fri 15/12/2017

'It was probably the most effective act of resistance in the history of the Third Reich' | reviews, news & interviews

'It was probably the most effective act of resistance in the history of the Third Reich'

'It was probably the most effective act of resistance in the history of the Third Reich'

Stephen Unwin on 'All Our Children', his play for Jermyn Street Theatre about Nazi persecution of the disabled

Stephen Unwin

“I’ve got a terrible confession to make”, I said to my long-suffering partner who had been away for the weekend with our young daughter. “Oh yes,” I could see her thinking, “what have you done now?” “Well, I’ve written a play about the Nazi persecution of the disabled,” was my shifty reply. The truth is it’s such a disgusting subject, I was almost ashamed of what I’d done.

All Our Children has its roots in historical fact. I’d been reading Richard Evans’s remarkable three-part history of the Third Reich and was fascinated and moved by his account of the deeply conservative and aristocratic Cardinal Clemens von Galen, whose sermons in 1941 brought to an end the Nazi policy of murdering people with disabilities. Hitler declared they were living “lives unworthy of life”, and approximately 100,000 people of all ages were killed in Germany and the occupied territories. Von Galen had the courage, the commitment and the tenacity to stand up to Hitler in probably the most effective act of internal resistance in the whole sorry history of the Third Reich.

All Our ChildrenThe story struck me in personal ways too. My mother was a Jewish refugee from Nazi persecution, and I was brought up a Catholic (I’m now an atheist). I’m also the father of a profoundly disabled 20-year-old who would, no doubt, have been murdered under T4, the programme of “mercy killing” that started in September 1939. My Joey has changed my life in all sorts of profound and important ways, and it’s been a terrifying but valuable experience to imagine a world in which his worth would have been denied, and he and so many like him would have been destroyed.

The play is, in many ways, a naturalistic, Ibsenite chamber piece set in a clinic for disabled young people. This is not where the murders take place, but where the “clinical” decisions are made. I decided early on that there should be no disabled children, no scenes of violence, nothing but a remorseless and, I hope, engaging investigation into attitudes towards the profoundly disabled, not just in the hell of Nazi Germany but, by implication, our own century too. I’ve tried to dramatise the everyday life of the clinic, and catch the ordinariness of the staff, as well as speculating on the psychological damage that it causes the perpetrators, and the families of the victims.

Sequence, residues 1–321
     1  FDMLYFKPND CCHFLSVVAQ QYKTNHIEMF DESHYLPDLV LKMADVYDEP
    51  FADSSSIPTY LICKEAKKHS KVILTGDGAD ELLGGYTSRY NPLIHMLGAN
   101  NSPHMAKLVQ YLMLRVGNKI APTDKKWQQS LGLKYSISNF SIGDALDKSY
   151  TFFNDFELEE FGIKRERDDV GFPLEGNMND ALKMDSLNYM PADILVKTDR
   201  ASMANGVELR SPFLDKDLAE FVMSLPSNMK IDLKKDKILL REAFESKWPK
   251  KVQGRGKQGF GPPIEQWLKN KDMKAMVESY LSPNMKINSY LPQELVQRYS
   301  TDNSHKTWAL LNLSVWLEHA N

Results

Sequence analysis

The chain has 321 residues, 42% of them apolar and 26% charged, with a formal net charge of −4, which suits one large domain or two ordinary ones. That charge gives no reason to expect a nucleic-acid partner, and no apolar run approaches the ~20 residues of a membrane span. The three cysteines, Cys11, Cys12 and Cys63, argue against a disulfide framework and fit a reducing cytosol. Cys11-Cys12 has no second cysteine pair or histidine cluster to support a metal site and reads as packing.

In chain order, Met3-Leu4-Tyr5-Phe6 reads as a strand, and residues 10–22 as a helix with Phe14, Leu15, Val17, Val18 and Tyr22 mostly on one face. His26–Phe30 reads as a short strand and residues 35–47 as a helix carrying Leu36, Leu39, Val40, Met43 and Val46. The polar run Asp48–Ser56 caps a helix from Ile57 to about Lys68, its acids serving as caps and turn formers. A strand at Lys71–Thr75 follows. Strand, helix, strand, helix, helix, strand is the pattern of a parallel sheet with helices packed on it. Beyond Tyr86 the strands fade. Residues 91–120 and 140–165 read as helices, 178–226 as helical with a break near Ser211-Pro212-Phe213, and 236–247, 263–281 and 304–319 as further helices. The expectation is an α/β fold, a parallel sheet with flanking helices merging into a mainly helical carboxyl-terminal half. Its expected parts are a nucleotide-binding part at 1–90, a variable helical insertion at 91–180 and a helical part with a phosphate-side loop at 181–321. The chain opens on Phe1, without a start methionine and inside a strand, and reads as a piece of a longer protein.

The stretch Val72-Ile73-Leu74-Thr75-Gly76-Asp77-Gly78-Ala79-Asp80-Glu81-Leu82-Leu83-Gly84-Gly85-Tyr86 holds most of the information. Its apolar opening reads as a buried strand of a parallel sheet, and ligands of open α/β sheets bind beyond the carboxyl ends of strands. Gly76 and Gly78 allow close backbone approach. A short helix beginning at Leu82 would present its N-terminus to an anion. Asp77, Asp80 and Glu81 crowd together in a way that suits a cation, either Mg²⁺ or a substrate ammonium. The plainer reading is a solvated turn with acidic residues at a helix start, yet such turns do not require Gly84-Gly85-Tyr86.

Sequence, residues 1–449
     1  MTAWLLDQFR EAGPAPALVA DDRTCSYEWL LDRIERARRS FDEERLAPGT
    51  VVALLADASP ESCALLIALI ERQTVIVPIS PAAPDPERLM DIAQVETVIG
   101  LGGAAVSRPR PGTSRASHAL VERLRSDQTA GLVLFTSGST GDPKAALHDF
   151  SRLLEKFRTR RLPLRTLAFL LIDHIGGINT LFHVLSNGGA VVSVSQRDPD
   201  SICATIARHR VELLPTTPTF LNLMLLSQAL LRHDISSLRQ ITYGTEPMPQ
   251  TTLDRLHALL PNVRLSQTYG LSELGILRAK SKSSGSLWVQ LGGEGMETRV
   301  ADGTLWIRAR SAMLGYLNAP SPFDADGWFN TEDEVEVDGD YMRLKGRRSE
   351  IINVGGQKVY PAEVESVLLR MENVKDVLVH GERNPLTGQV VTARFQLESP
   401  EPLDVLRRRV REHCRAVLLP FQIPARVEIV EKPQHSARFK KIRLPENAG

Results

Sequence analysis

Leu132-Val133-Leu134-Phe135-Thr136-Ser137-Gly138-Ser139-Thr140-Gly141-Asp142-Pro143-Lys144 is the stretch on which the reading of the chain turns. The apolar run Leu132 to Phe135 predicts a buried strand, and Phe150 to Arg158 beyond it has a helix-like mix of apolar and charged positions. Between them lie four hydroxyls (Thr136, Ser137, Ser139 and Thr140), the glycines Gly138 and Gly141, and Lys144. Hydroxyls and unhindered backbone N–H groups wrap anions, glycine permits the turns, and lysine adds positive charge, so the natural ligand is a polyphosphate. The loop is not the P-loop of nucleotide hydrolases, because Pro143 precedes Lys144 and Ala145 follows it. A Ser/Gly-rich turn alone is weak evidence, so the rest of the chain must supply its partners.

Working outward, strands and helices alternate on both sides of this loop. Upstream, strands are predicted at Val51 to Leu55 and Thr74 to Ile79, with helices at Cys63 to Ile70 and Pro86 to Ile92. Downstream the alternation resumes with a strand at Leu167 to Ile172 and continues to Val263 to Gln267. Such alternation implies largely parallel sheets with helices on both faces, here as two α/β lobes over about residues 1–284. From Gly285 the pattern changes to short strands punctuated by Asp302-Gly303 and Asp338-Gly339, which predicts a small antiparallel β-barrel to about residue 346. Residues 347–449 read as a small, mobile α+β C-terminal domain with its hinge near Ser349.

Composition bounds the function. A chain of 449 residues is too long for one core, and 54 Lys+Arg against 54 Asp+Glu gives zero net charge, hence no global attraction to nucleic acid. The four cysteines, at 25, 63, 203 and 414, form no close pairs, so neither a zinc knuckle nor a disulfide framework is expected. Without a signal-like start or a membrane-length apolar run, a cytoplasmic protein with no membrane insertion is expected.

Lucy Speed in All Our ChildrenAt the heart of the play is a debate between von Galen and a fictional paediatrician. As an atheist and a liberal, I’m fascinated that the religious fundamentalist has the right answer (“thou shalt not kill”), while the atheist scientist has been lulled into carrying out acts that are contrary to everything he is meant to believe in. Such contradictions, it seems, are the stuff of drama - and of life. Certainly, eugenics was commonplace in pre-war Europe and America - even that arch-liberal, Virginia Woolf wrote, when confronted by a group of “imbeciles” in 1915 that “they should certainly be killed”.

I’ve been working as a theatre and opera director for almost 35 years and have translated a dozen plays (Ibsen, Brecht, Schnitzler etc) and written eight books, but this is my first foray into playwriting. And as for directing my own play, well, time will tell whether it’s an act of dangerous hubris. Luckily, I’m blessed with an extraordinary starry cast  - Rebecca Johnson, Lucy Speed (pictured above in rehearsal), Ed Franklin, Colin Tierney and David Yelland. What I do know from my everyday experience, is that the fight for the rights of the disabled - especially those with severe learning disabilities - to enjoy all the things that the rest of us take for granted is a very real one and that the arts, in their own small way, can - and should - make a contribution.

Comments

I went to see this yesterday with my 17 year old daughter - we both thought it was brilliant - the acting was superb and the play itself subtle and incredibly powerful at the same time. I think everyone should see this.

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